Mr Batt says the idea was put forward by Mr Catalano, who had joined Mr Dowd as a Nant director after helping to clinch the BCU refinancing.
He says Mr Catalano was paid about $1.7 million in accounting fees by Nant.
“They said, ‘you need to take this business to the next level, Keith, you need to get an experienced CEO who is well respected in the market’,” Mr Batt says.
“Lyndon Kingston’s name was put to me as a possible candidate for that position.”
Corporate governance expert Jennifer Robertson from Board Matters said the Nant whisky circumstances — where the company director was also lawyer for the company and the individual shareholders, and a secured creditor — could point to “a fairly egregious case” of failing to manage conflicts of interest, if there was no “strong process” in place.
“I will always tell lawyers, good governance practice is, never act for the company that you are a director of in your capacity as a lawyer,” she told the ABC.
Ms Robertson said that scenario also raised questions in line with section 181 of the Corporations Act, in which directors “always have to act in the best interests of the company”.
She said in the Nant whisky sale process, “it would appear that there would be a question mark as to whether the best interests of the company have taken precedence over perhaps some of those other interests”.
Mr Batt did himself no favours with his $16 million bankruptcy. After media reports about his bankruptcy and investor difficulties recouping their cash emerged in early 2017, Nant’s cashflow dried up.
New investors were scared off and existing investors rushed to the door.
But Nant had been in trouble for years, according to Deloitte receivers later appointed by the tax office. They say the Nant Distillery company may have traded while insolvent from as early as June 2014.
One creditor keen to lock in payment was Mr Dowd, whose $1.6 million Christmas Eve invoice was just the beginning.
Internal Nant records obtained by the ABC show Mr Dowd ultimately claimed $2.5 million, mostly for unpaid legal work. This was backed by 87 pages of invoices listing legal matters for the Nant group and for Mr Batt and his wife as far back as 2012.
Two inside sources say to their knowledge, the firm did not provide an itemised accounting of the legal work either at the time it was performed, or when payment was pursued.
“We tried for a long time to try to make sense of David Dowd’s invoices and we could never do it,” Mr Batt says.
Emails obtained by the ABC show that Nant’s finance manager, on the advice of Mr Catalano, asked Mr Dowd to amend his $1.6 million legal bill to $1.1 million to reduce the company’s tax that quarter.
“The reason being we don’t want to raise any unnecessary flags with the ATO [Australian Taxation Office],” Nant’s finance manager told Mr Dowd.
Mr Dowd agreed to amend the invoice.
The ABC understands tax office-appointed receivers looked closely at the legal fees claimed by Mr Dowd as a director-related transaction but did not find a legal basis for clawing them back.
Mr Dowd did not respond to a list of detailed questions from the ABC.
In May 2016, Mr Dowd took action. He converted his unpaid fees into a secured stake in Nant’s Tasmanian estate and distillery, registering a charge over them on the Personal Property Securities Register. He become Nant’s biggest secured creditor, owed $2.5 million — with interest.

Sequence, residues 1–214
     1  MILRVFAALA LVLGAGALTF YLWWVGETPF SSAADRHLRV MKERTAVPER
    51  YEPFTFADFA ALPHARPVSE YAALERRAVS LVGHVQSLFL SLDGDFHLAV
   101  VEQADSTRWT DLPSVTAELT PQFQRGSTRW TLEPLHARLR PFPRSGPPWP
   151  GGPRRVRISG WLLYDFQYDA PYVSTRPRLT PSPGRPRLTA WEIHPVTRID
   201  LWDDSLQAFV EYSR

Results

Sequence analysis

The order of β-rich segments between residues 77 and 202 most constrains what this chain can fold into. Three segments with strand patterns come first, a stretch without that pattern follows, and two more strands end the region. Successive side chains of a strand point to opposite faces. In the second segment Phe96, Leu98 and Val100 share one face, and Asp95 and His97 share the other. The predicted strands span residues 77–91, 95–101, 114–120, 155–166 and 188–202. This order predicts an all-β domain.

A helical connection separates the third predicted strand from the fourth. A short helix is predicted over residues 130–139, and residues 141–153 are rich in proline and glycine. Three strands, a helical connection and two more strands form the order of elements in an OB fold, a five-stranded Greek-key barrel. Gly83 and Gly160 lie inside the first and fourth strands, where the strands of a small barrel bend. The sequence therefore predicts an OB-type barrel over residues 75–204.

“He said, ‘mate, it’s so that we can put ourselves in front of any other creditors so that we can control and help you to get the business sold to AWH’,” Mr Batt says.
“I said, ‘well mate, what if we don’t do it?’ And he said, ‘well mate, I’m going to have to press for these invoices and ultimately bankrupt your wife’.”
Mr Batt accuses Mr Dowd and Mr Catalano of freezing him out of negotiations and piling on pressure to sell Nant “in almost any deal” to listed company Australian Whisky Holdings (AWH).
AWH did some due diligence which panicked barrel investors. It released an audit of Nant stock that found many barrels had not been filled, had investor’s names removed, or been sold without investor knowledge.
Mr Batt claims that barrels were still being filled according to a production schedule, and a spreadsheet listing investors with unfilled barrels was stapled to a sales agreement being hashed out with AWH.
But decisive pressure to sell the estate to AWH came from BCU, Mr Batt says.
His bankruptcy put him in breach of the BCU mortgage and the credit union threatened to foreclose, he says.
On October 13, 2016, Nant entered a “transaction implementation agreement” to sell its distillery and estate to AWH. Mr Dowd and Mr Catalano resigned as Nant directors nine days earlier.
The eventual sale of the distillery and the historic estate to a stock market-listed company guaranteed Mr Dowd — and BCU — could cash in their stakes.
Mr Batt says when Nant agreed to sell the property, it gave up any leverage with AWH. He says while Mr Dowd and BCU would get paid, investors with unfilled barrels would miss out.
Eventually, AWH took over the buyback scheme and honoured investors whose barrels had not been filled — but not those who it saw as casualties of Nant’s negligence under Mr Batt.
The Tasmanian fraud squad launched an investigation in 2017 at the behest of dismayed investors. Detectives flew to Queensland to interview former Nant staff last September.
Mr Batt says the police have not spoken to him.
“We’ve received death threats. We’ve been kicked out of our homes, we’ve had our cars repossessed, we’ve had our boat repossessed and sold by David Dowd.”
Mr Batt says the yacht Maxi Ragamuffin, refurbished for $1 million, was sold by a receiver for just $50,000.
Given the number of investors burned, there’s little sympathy for Mr Batt.
But he says Mr Dowd, Mr Catalano and Mr Kingston shouldn’t escape scrutiny.
Last December, AWH announced it had repaid $4.8 million in loans to Mr Dowd and BCU early.
“Australian Whisky Holdings got Nant for a song and David Dowd got his money,” Mr Batt says.
Reporter: Josh Robertson
Producers: Heidi Rexa, Nick Wiggins
Digital Editor: Heidi Davoren
Design: Nick Wiggins